Hyperactivation of NF-κB via the MEK signaling is indispensable for the inhibitory effect of cAMP on DNA damage-induced cell death.
Journal article, Peer reviewed
© 2011 kloster et al; licensee bio med central ltd. this is an open access article distributed under the terms of the creative commons attribution license (http://creativecommons.org/licenses/by/2.0), which permits unrestricted use, distribution, and reproduction in any medium, provided the original work is properly cited.
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Original versionKloster, M.M., Naderi, E.H., Carlsen, H. Blomhoff, H.K. & Naderi, S. (2011). Hyperactivation of NF-κB via the MEK signaling is indispensable for the inhibitory effect of cAMP on DNA damage-induced cell death. Molecular Cancer, 10 (45) http://dx.doi.org/10.1186/1476-4598-10-45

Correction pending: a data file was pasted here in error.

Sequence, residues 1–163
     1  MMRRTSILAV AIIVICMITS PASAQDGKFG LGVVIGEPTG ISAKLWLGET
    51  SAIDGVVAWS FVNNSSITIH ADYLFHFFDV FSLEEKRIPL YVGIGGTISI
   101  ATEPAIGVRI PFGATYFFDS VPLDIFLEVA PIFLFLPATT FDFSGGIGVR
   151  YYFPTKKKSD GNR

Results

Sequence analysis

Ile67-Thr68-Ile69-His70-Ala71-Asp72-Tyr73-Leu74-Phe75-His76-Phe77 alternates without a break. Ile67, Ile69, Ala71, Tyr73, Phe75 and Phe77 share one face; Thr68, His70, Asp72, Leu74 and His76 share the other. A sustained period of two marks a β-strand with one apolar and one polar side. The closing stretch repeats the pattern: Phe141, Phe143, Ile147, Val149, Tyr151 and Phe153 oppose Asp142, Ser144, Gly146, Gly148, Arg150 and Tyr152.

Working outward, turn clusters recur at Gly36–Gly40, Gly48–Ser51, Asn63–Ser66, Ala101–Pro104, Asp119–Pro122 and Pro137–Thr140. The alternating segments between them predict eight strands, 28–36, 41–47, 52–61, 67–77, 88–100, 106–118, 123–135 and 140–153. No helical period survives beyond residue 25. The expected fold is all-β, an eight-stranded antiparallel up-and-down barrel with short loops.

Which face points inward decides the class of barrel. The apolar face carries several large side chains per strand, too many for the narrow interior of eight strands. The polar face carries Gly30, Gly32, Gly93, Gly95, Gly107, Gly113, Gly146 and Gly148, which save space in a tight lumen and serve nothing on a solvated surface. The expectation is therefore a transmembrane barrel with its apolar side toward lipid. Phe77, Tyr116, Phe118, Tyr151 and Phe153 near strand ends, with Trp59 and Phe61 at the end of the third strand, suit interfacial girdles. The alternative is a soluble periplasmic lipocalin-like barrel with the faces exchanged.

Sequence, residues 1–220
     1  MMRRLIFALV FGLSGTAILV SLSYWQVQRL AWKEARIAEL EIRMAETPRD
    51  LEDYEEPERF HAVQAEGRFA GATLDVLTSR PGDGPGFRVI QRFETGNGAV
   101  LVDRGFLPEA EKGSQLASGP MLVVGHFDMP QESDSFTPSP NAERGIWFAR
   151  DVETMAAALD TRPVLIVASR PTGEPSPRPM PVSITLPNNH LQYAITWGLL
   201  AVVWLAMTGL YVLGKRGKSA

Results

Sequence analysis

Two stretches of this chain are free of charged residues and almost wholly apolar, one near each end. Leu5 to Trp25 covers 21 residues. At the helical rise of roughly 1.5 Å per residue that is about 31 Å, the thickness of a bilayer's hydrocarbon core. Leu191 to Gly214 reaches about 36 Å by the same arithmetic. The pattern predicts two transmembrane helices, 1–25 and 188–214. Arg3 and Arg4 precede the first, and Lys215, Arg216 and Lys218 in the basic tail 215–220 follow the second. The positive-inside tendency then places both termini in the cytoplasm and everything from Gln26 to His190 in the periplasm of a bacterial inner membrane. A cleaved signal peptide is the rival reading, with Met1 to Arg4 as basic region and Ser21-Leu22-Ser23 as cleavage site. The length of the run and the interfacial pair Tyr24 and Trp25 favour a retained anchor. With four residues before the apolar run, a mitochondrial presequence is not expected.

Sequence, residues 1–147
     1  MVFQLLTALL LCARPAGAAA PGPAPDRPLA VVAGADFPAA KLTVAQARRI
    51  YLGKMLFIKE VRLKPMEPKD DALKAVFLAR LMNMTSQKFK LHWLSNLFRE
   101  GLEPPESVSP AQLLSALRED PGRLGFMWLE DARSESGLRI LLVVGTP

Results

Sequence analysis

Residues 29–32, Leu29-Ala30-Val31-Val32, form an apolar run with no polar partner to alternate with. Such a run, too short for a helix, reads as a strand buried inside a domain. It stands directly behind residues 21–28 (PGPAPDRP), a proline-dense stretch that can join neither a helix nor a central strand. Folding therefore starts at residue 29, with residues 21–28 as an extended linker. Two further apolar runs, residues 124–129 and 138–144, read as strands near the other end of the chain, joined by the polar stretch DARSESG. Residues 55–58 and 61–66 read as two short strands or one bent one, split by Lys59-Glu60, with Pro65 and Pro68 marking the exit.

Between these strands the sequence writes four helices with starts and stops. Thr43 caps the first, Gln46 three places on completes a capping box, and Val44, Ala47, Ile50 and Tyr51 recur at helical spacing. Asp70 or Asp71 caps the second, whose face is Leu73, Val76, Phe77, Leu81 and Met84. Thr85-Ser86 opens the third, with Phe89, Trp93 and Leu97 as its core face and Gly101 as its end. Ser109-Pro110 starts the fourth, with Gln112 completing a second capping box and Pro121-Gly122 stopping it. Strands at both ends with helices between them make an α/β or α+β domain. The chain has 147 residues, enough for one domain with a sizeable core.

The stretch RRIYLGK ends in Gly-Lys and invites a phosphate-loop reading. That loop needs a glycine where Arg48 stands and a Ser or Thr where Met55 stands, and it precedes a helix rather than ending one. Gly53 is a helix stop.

With cAMP signaling having a profound inhibitory effect on DNA damage-induced apoptosis in B-cell precursor acute lymphoblastic leukemia (BCP-ALL) cells, understanding how this signaling pathway affects the survival capacity of the cell has important implications for cancer therapy. We have recently shown that p53 is critical for the inhibitory effect of cAMP on genotoxic agents-mediated apoptosis in BCP-ALLs. Here, we show that elevation of cAMP levels in cells exposed to DNA damage enhances the nuclear translocation and DNA binding of NF-κB by accelerating the phosphorylation of IKKβ and thereby phosphorylation and degradation of IκBα. Furthermore, we show that the ability of cAMP to potentiate the ionizing radiation-induced activation of NF-κB requires the activity of MEK. Importantly, pharmacological or genetic ablation of NF-κB reversed the inhibitory effect of cAMP on DNA damage-induced apoptosis, demonstrating that, in addition to p53, cAMP relies on the activity of NF-κB to provide cells with a survival advantage in the face of DNA damage. Collectively, our results uncover a novel and important interaction between the cAMP and NF-κB pathways that may have implications for the targeted treatment of lymphoid malignancies, such as BCP-ALL, in which aberrant NF-κB activity functions as a driving force for treatment resistance.